Unprecedented genomic diversity of RNA viruses in arthropods reveals the ancestry of negative-sense RNA viruses.

Li CX, Shi M, Tian JH, Lin XD, Kang YJ, Chen LJ, Qin XC, Xu J, Holmes EC, Zhang YZ - Elife (2015)

Abundance level (transcripts per million—TPM) of the RdRp genesfrom the negative-sense RNA viruses detected in this study.Abundance is calculated after the removal of ribosomal RNA reads. As acomparison, we show the abundance of the two well characterized(positive-sense) RNA viruses: Japanese encephalitis virus andGill-associated virus found in the Mosquito-Hubei and Shrimp libraries,respectively, as well as the range of abundance of host mitochondrial COIgenes in these same multi-host libraries.DOI:http://dx.doi.org/10.7554/eLife.05378.008
© Copyright Policy
Related In: Results  -  Collection

License
Show All Figures
getmorefigures.php?uid=PMC4384744&req=5

fig2: Abundance level (transcripts per million—TPM) of the RdRp genesfrom the negative-sense RNA viruses detected in this study.Abundance is calculated after the removal of ribosomal RNA reads. As acomparison, we show the abundance of the two well characterized(positive-sense) RNA viruses: Japanese encephalitis virus andGill-associated virus found in the Mosquito-Hubei and Shrimp libraries,respectively, as well as the range of abundance of host mitochondrial COIgenes in these same multi-host libraries.DOI:http://dx.doi.org/10.7554/eLife.05378.008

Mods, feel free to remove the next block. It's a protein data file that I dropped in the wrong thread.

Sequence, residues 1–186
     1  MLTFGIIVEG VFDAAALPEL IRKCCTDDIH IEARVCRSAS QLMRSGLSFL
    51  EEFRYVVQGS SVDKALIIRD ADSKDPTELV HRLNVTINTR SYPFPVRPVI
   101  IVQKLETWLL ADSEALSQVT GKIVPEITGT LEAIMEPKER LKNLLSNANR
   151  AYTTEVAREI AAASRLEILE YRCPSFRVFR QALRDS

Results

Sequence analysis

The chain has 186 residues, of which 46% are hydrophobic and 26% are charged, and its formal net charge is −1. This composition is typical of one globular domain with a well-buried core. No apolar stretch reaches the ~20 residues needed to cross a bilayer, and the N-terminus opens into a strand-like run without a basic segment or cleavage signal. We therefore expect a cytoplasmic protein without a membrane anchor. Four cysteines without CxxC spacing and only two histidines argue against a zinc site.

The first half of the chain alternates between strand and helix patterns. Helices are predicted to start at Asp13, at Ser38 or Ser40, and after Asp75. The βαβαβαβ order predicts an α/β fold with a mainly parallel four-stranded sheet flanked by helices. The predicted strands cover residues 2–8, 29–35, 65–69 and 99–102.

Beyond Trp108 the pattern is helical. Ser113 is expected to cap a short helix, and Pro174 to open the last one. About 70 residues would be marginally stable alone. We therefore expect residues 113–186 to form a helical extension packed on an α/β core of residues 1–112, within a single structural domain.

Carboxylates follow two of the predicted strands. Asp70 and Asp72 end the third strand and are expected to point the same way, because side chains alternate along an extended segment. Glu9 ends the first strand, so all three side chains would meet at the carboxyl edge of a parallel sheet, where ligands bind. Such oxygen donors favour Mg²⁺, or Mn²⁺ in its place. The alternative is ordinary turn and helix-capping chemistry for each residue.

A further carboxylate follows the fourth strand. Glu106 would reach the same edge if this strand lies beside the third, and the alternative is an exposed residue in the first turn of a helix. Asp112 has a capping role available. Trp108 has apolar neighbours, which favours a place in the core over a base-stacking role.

Mentions: Next, we measured the abundance of these sequences as the number transcripts permillion (TPM) within each library after the removal of rRNA reads. The abundance ofviral transcripts calculated in this manner exhibited substantial variation (Figure 2, Tables 2–4): while the least abundant L segment(Shayang Spider Virus 3) contributed to less than 0.001% to the total non-ribosomalRNA content, the most abundant (Sanxia Water Strider Virus 1) was at a frequency of21.2%, and up to 43.9% if we include the matching M and S segments of the virus. Theremaining viral RdRp sequences fell within a range (10–1000 TPM) that matchedthe abundance level of highly expressed host mitochondrial genes (Figure 2).10.7554/eLife.05378.008Figure 2.Abundance level (transcripts per million—TPM) of the RdRp genesfrom the negative-sense RNA viruses detected in this study.